Science fiction has always challenged readers with depictions of the future. Can the genre actually provide glimpses of the world of tomorrow? This collection of fifteen international and interdisciplinary essays examines the genre’s predictions and breaks new ground by considering the prophetic functions of science fiction films as well as SF literature. Among the texts and topics examined are classic stories by Murray Leinster, C. L. Moore, and Cordwainer Smith; 2001: A Space Odyssey and its sequels, Japanese anime and Hong Kong cinema; and electronic fiction.
This timely book investigates fiction that speculates about wars likely to break out in the near or distant future. Ranging widely across periods and conflicts real and imagined, Future Wars explores the interplay between politics, literature, science fiction, and war in a range of classic texts. Individual essays look at Reagan's infamous “Star Wars” project, nuclear fiction, Martian invasion, and the Pax Americana. The use of future war scenarios in military planning dates back to the nineteenth century, and Future Wars concludes with a US Army officer's assessment of the continuing usefulness of future wars fiction.
Language Arts & Disciplines by Patricia L. Dunmire
This monograph examines the rhetorical nature and function of representations of the future in political discourse, focusing on political actors’ use of hegemonic images of future “reality” to achieve their political goals. It argues that a key ideological dimension of political rhetoric lies in politicians’ use of projections of the future to legitimate policies and actions. This argument is grounded in systemic-functional and critical discourse analyses of the “Bush Doctrine,” the U.S. policy response to the September 11 terrorist attacks which sanctioned a “preemptive” military posture. By focusing on the discursive construction of the future, this project addresses a lacunae in critical discourse studies and calls attention to the crucial role that the discourse and practice of “futurology” has played in post-Cold War politics and society. It will be of value to scholars interested in the discourses of politics, the “war on terror,” U.S. national security, and futurology.
In a society characterized by turbulence and change, predicting the future has become an invaluable skill for managers, politicians, and scientists alike. As a result, scientific researchers have become increasingly interested in the study of the future. In Knowing Tomorrow?, an international team of contributors analyzes how the concept of the future is being addressed across academic disciplines. From the perspectives as varied as psychology, philosophy, economics, and astronomy, this groundbreaking volume examines how scholars have incorporated the future in their work. By illustrating how future research can be applied and evaluated, Knowing Tomorrow? establishes this growing field as a discipline in its own right.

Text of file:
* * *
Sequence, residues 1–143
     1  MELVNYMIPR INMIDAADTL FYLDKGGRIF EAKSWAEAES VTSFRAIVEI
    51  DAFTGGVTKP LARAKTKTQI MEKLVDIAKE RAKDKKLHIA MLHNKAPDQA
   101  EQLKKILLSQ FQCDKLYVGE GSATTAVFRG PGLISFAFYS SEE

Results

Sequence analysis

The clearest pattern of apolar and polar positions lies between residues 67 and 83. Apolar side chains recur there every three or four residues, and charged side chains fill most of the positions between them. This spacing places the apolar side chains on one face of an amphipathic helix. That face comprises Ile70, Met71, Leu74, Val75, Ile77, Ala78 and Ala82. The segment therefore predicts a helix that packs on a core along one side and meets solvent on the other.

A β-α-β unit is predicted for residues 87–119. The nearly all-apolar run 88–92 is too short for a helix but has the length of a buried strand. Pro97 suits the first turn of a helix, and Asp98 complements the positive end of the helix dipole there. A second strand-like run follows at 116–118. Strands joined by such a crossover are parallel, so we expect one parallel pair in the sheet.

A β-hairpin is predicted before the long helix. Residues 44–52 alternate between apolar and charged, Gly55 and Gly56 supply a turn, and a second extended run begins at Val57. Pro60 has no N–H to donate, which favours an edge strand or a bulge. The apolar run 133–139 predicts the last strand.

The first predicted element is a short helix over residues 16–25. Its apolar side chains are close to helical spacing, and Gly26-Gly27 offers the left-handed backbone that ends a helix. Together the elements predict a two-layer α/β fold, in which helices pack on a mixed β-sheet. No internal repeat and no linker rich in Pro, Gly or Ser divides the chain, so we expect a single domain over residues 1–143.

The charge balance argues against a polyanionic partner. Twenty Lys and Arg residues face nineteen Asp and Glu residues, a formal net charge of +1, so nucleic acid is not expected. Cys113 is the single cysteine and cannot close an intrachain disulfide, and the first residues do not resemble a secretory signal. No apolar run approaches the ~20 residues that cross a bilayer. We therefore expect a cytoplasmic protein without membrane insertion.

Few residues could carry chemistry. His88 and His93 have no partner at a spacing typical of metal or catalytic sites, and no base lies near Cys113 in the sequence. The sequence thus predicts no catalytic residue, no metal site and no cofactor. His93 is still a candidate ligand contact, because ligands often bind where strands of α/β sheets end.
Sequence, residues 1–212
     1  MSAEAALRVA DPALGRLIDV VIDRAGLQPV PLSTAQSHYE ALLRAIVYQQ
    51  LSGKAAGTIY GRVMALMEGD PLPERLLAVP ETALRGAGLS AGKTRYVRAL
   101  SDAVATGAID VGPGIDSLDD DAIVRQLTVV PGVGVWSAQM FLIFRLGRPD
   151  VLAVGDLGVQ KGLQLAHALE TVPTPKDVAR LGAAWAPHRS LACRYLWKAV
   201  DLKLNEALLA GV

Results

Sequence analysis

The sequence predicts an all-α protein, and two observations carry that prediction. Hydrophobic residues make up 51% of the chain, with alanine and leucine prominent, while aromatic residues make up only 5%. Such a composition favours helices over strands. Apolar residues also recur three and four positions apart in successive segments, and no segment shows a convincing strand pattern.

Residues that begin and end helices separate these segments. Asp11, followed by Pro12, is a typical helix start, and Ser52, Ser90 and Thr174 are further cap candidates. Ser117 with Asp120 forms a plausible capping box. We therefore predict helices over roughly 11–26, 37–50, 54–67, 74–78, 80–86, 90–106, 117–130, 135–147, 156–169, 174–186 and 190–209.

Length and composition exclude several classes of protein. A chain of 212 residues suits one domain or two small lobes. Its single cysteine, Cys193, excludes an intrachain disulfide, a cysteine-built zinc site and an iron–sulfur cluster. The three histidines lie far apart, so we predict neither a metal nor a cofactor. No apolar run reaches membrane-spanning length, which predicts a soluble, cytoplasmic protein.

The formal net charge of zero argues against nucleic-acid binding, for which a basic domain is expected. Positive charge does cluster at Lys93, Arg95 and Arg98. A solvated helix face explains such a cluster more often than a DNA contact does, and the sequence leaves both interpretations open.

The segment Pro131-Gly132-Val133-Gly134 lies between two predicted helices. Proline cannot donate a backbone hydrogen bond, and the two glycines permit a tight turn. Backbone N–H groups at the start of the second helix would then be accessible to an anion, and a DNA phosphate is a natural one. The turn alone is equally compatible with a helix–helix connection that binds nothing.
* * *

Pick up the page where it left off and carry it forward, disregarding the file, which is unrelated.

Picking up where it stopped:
Modernity in the late eighteenth century transformed all domains of European life -intellectual, industrial, and social. Not least affected was the experience of time itself: ever-accelerating change left people with briefer intervals of time in which to gather new experiences and adapt. In this provocative and erudite book Reinhart Koselleck, a distinguished philosopher of history, explores the concept of historical time by posing the question: what kind of experience is opened up by the emergence of modernity? Relying on an extraordinary array of witnesses and texts from politicians, philosophers, theologians, and poets to Renaissance paintings and the dreams of German citizens during the Third Reich, Koselleck shows that, with the advent of modernity, the past and the future became 'relocated' in relation to each other.The promises of modernity -freedom, progress, infinite human improvement -produced a world accelerating toward an unknown and unknowable future within which awaited the possibility of achieving utopian fulfillment. History, Koselleck asserts, emerged in this crucial moment as a new temporality providing distinctly new ways of assimilating experience. In the present context of globalization and its resulting crises, the modern world once again faces a crisis in aligning the experience of past and present. To realize that each present was once an imagined future may help us once again place ourselves within a temporality organized by human thought and humane ends as much as by the contingencies of uncontrolled events.